Tuesday, May 18, 2010

What She Said

When I tell people I write romance novels (both for teens and adults), I often get a puzzled look, one that's easily translated to one of the following:

"Really? You don't:

a) look like you spend your time on a beach, dictating novels to your fave cabana boy. Are you yanking my chain? Are you REALLY a writer?"

b) look like a loser, holed up in her apartment like Kathleen Turner in Romancing the Stone, weeping over her characters' romance. Are you yanking my chain? Are you really a writer?"

c) act like crabby Jack Nicholson in As Good As It Gets, getting out his frustrations by writing sappy stories. Are you yanking my chain? Are you really a writer?"

or d) dress well enough to be a writer. Writers are rich dilettantes, aren't they? Are you yanking my chain? Are you really a writer?"

Here's the thing: Writers can look like anyone else you know. For those who've ever wondered what a romance writer looks like, or why we do what we do, check out this piece, written by the fantastic Eileen Dreyer (aka Kathleen Korbel) for CNN.

From now on, when anyone asks me if I really write romance novels (even though I don't look like I do, apparently), and why I love what I do, I'll simply say, "What she said!" and send them to Eileen's article.

Wednesday, May 5, 2010

Full Swing

Yeah, yeah, yeah. I've been slow to post...again. Partly because I'm a springtime slacker, and partly because the blog had to be moved so it wasn't FTP-something-that-I-don't-get. However, thanks to my wonderful, highly skilled web guru, everything was safely moved and we're up and running. (Thanks, Maddee!)

In the meantime, having taken sixth place in my yearly NCAA Geek Pool (and soundly beating President Obama's tourney entry), I've moved on to baseball season.

First order of business: Fantasy baseball. I am once again playing in the ESPN Baseball Challenge. It's the world's easiest fantasy baseball league. You can join anytime, and you don't have to engage in a round robin draft of players or keep stats. Instead, you are given a (fictional) $50 million budget you simply pick whichever players you want by clicking on them. Easy, peasy. Then ESPN keeps track of how they do at the plate and tallies the score for you. It's a lot of fun. (Especially when you're doing well. I'm currently at the 95% of all players in the league. I don't expect it'll last.)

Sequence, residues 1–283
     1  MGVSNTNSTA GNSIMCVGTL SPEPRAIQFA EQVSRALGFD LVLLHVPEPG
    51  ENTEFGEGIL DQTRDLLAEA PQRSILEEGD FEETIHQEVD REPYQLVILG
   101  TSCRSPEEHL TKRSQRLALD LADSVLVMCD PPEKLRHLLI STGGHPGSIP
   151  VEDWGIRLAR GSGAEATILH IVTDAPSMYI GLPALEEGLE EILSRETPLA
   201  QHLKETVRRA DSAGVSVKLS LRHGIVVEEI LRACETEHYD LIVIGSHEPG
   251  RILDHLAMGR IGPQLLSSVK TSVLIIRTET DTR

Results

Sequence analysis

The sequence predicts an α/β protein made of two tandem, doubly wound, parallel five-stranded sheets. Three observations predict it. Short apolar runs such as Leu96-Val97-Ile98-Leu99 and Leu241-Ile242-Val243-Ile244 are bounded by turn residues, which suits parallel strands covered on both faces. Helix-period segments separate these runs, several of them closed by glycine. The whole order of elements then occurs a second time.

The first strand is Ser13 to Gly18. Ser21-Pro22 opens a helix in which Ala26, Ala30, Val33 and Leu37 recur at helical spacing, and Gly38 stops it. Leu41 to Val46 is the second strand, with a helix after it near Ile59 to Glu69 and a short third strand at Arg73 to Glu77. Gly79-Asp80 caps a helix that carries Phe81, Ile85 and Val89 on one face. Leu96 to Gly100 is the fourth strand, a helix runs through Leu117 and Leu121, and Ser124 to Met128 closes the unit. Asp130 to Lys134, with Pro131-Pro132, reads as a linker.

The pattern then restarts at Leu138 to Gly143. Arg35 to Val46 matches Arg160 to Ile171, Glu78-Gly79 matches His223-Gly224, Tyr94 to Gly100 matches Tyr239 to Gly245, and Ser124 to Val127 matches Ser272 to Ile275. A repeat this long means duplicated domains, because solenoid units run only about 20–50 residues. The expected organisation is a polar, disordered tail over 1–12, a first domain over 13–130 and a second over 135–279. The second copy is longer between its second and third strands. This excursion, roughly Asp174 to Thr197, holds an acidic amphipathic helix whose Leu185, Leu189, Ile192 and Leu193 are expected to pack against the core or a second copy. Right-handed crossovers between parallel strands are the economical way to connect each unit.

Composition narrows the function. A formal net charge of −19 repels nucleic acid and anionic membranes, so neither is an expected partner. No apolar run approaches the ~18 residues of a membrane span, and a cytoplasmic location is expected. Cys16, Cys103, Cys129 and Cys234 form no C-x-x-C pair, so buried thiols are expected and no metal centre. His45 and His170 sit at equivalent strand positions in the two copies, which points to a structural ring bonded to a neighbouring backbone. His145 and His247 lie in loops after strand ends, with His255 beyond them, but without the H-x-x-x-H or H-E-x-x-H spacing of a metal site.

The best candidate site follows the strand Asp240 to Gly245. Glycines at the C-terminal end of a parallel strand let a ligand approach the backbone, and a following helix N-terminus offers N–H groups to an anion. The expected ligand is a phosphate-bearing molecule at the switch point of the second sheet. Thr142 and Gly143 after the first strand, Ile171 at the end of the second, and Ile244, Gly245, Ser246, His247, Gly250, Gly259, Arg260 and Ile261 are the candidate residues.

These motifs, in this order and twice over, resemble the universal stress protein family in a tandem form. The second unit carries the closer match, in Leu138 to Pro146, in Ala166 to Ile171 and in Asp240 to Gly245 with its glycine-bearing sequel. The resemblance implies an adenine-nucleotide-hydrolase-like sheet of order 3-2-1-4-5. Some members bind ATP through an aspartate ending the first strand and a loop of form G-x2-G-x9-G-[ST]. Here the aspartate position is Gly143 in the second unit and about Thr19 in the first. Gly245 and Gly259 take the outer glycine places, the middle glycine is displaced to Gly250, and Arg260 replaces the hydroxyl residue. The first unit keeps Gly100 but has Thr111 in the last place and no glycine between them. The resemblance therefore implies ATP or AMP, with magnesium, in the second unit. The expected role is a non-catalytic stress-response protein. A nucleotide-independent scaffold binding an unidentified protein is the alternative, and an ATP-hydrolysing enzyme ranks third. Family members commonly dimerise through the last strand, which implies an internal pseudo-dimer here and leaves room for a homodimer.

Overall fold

Second order of business: Real baseball. I signed up for my yearly wallet-depleting subscription to MLB Extra Innings so I can watch the Rockies games here in Boston, and I've already stayed up late for quite a few. It's painful, given the late starts and the two-hour time difference, but worth it. I also managed to get tickets on top of the the Green Monster at Fenway during the first Red Sox-Yankees series so I could see a game in person, and I'll be in my usual third-base seats for one of this weekend's games. Color me happy!

On the other hand, most of my baseball-loving friends claim they aren't as hopped up for the season as usual. Earlier this season, news stations in Boston reported that sales were down, and that the Red Sox might not continue their sellout streak at Fenway, but I'm not seeing it.

Anyone else feeling this way? Or is this a woe-is-me, typical Boston-area phenomenon? Do you care more about baseball (or whatever sport's your fave) once the season's in full swing than during the first month of games? Does playing in a fantasy league amp up your level of interest? Weigh in!